Happy Black History Month! Though we should celebrate the amazing contributions of African Americans year-round, February presents a special opportunity to honor our collective history and proud legacy. And what a legacy it is!
This year’s celebration is especially poignant as we recognize 401 years of Africans in America — long before America became America. African Americans helped found this country. African Americans have enriched our nation through hard physical labor, by clearing the fields for colonial crops, by fighting the British in the Revolutionary War, and by building the edifices of new nation — from Mount Vernon to the United States Capitol. African Americans have made amazing contributions in the arts, business, public service, sports, science and much more. Our story is one of pain, perseverance and triumph, and it’s still being written.
During Black History Month, I’m particularly reflective of these iconic African Americans, whose achievements define “Black excellence.” They fought bondage, discrimination, bigotry, and hatred to achieve what many believed was unachievable for African Americans. Though these heroes and sheroes lived in many different eras of history, come from a wide array of backgrounds, and boast many different achievements, they all dared to dream, and they had the gumption to go after them.
Much of this fortitude grows out of the reality that only the strongest were able to survive the interminable Middle Passage. Only the strongest survived the physical chains of slavery. But amazingly, we drew on the strength and spirit of our ancestors. All of this helped to build the heart and soul of our community — a community that strives to take care of all people and give all of our kids a solid foundation. This foundation sets the stage for success and achievement.
For example, Dr. Martin Luther King Jr., who came of age in the heart of the segregated South, was deeply involved in the community of Ebenezer Baptist Church. There, he gained a strong sense of compassion and a commitment to social justice, which helped him grow into the moral leader of the Civil Rights Movement.
Michelle Obama developed a love of dance during her early years, and as first lady, she used that passion to inspire all Americans to live more active lives through her “Let’s Move” campaign.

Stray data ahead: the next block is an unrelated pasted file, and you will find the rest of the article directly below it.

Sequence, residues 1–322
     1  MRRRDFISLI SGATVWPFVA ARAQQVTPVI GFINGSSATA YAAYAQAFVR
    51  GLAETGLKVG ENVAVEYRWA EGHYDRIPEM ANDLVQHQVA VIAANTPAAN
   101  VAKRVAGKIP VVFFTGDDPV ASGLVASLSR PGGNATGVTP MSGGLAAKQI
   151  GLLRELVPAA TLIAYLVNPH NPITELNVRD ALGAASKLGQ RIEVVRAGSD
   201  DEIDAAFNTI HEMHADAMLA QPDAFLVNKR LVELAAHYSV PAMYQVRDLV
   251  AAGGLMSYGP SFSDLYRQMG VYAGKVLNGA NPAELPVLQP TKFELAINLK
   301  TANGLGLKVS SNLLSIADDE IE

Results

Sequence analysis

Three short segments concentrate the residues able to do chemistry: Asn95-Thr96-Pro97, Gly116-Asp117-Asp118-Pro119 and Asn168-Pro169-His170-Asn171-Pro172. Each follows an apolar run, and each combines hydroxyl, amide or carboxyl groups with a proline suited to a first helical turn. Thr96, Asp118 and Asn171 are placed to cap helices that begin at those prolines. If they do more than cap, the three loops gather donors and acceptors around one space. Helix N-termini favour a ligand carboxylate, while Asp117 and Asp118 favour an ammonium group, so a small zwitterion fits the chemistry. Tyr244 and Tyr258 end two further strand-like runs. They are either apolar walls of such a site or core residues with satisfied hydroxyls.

As a child, Denzel Washington found inspiration and role models through his involvement in the Boys and Girls Club. And as an adult, the award-winning actor has used his platform to support the organization.
It’s clear that for African Americans, and for all Americans, the opportunities we have as children help shape our entire lives. This is especially true when kids are up against enormous obstacles. A club, a sport, a job or a volunteer position can be a lifeline that helps lead someone to a brighter future.
That’s why for seven years now, I have hosted my Youth Opportunities Fair, to connect young people with educational and inspiring experiences right here in our community. It is one of my favorite events of the year, because it has been so successful in enriching the lives of countless young Hoosiers.
The event will be held noon to 7 p.m. Monday, March 16 at the Indianapolis Central Library. Attendees will be able to chat with organizations offering a wide array of enrichment opportunities for ages 5 and up, plus businesses offering jobs for working age youth.
For young people seeking work opportunities, professional volunteers will also be there to offer helpful tips for success, such as how to impress employers, create or improve a resume and more. The event is free and open to the public with no RSVP required.
I encourage kids, parents and caretakers to attend this great event. You may find a program that sparks a passion, or a first job that launches a rewarding career, and you will definitely leave with a greater appreciation for all our community has to offer our kids.
The next icons of Black history, and American history, are right here in our own community. Through events like the Youth Opportunities Fair, we are helping to shape them into the leaders they are meant to be.
Rep. Carson represents the 7th District of Indiana. He is a Member of the Congressional Black Caucus and one of three Muslims in Congress. Rep. Carson sits on the House Transportation and Infrastructure Committee and the House Intelligence Committee, where he is chairman of the Subcommittee on Counterterrorism, Counterintelligence and Counterproliferation. Contact Rep. Carson at carson.house.gov/contact.